THURSDAY, OCTOBER 3, 2002
Volume 1, Issue 280
Santa Monica Daily Press A newspaper with issues
City Hall studied for historical significance BY ANDREW H. FIXMER Daily Press Staff Writer
A historic research firm may be paid nearly $70,000 to study the historical significance of City Hall. Officials want the study completed before plans move forward to seismically retrofit the building for earthquakes and before the city possibly attempts a renovation in the near future. The city council will decide whether or not to hire Hollywood-based Historic Resources Group to perform the study for $69,900 at its next meeting on Oct. 8. The same firm was hired two years ago to create a survey of historic homes north of Montana Avenue. “It would tell us what kinds of features we need to keep and what features we need to preserve in City Hall,” said Mona Miyasato, Assistant to the City Manager. “We want to make sure we keep those features that will allow the building to remain historic.” The funds for the study are being provided by a “Preserve L.A.” grant to study historic public buildings, which was given to the city last year by the Getty Foundation, Miyasato said. Officials said Santa Monica City Hall is historically significant because of its exterior and interior architectural style and quality, its design by a major Los Angeles architect, its interior murals and its extensive tile work. They say the building has been a recognizable local landmark for over 60 years and continues to serve as the centerpiece of the city’s civic life. “The sooner we get started on this, the
better,” said Mayor Mike Feinstein, noting City Hall has been locally designated as a landmark for many years.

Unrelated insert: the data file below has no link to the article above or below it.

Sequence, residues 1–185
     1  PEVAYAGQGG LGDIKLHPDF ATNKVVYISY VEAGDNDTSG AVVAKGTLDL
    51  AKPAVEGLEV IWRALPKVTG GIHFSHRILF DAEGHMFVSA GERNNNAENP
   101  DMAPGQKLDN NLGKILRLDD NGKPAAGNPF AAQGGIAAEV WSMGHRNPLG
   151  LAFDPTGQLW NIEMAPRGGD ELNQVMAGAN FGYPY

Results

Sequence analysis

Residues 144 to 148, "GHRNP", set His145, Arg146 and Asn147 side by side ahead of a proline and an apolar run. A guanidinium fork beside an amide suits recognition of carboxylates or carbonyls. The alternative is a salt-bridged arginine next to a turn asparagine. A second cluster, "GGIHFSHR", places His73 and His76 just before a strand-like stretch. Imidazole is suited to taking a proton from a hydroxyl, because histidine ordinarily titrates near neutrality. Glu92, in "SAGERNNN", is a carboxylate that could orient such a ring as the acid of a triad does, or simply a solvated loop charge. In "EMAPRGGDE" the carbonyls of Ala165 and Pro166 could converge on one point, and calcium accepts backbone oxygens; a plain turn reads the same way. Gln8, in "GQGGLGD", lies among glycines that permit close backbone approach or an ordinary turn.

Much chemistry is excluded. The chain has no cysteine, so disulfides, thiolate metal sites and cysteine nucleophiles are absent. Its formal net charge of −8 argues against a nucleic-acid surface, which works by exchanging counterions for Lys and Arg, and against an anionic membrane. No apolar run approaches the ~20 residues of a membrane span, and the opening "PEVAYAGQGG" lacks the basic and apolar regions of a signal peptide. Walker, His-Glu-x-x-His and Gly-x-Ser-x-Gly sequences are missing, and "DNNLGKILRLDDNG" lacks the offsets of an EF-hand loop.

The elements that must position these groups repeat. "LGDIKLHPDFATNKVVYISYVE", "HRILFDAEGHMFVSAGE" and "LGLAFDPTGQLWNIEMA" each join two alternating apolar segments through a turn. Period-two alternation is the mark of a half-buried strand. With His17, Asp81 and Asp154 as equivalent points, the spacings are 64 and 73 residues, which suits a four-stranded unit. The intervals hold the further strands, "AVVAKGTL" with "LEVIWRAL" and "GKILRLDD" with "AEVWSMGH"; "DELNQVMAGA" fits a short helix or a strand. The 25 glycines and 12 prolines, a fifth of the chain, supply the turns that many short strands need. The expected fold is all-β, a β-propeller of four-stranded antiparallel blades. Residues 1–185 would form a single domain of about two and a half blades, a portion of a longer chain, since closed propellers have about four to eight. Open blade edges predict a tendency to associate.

“It would tell us what kinds of features we need to keep and what features we need to preserve in City Hall. We want to make sure we keep those features that will allow the building to remain historic.” — MONA MIYASATO Assistant to the City Manager
The first Santa Monica City Hall was a Mission Revival structure built in 1903, which was located on the corner of Fourth Street and Santa Monica Boulevard. But as the city grew exponentially in the 1920s and 1930s, the building was deemed incapable of supporting the growing number of city staff. In 1938, the city came up with $370,000 to buy eight acres of land from the Southern Pacific Railway Company, where the Civic Center is currently located on Main Street. The area used to be a See CITY HALL, page 5
MGM launching clothes line based on its movies BY GARY GENTILE AP Business Writer
LOS ANGELES — When it comes to merchandising, Disney has Mickey Mouse. Warner Bros. has Harry Potter. And Metro-Goldwyn-Mayer has Foxy Brown. The struggling studio is digging deep into its extensive film library to license a clothing line inspired by black-oriented films from the 1970s, including “Foxy Brown,” “Cooley High” and “Coffey.” It’s part of a strategy to market MGM merchandise to niche groups. In this case, the studio is hoping to sell to a hip, urban audience. Future efforts could target fans of its western, science fiction or horror titles. MGM is turning to the past because it hasn’t recently produced the kinds of See MGM, page 6
Jason Auslander/Special to the Daily Press
Construction has begun for a trash compactor underneath the Santa Monica Pier and next to local businesses.
Pier businesses think trash compactor stinks BY JASON AUSLANDER Special to the Daily Press
A trash compactor being installed underneath the Santa Monica Pier has nearby business owners holding their noses and wondering if they’ve been bamboozled by the city. “They’ve been talking about a trash compactor for a year and a half, but they never said it was going to be on Ocean Front Walk,” said Marcia Jacobs, owner of the Carousel Cafe, located right next to the compactor site. “We were really blindsided.” However, one city official said a notice announcing the project was posted at the site for four months and that Jacobs also received a notice from the California Coastal Commission in the mail. “For (Jacobs) to now say that no one ever told her about it is really objectionable,” said Mark Richter, economic development manager for the City of Santa Monica, adding that he saw Jacobs at some of the pier tenant meetings where the project was discussed. Construction on the $40,000 compactor began two weeks ago and is expected to be completed in three to four more weeks, Richter said. It’s located on Ocean Front Walk, directly under the pier, and 35 feet from the Carousel Cafe, which is at 1601 Ocean Front Walk.
The compactor is needed because the city’s garbage trucks are too heavy for the pier to support, Richter said, adding that the trucks do $40,000 worth of damage to the wooden structure annually.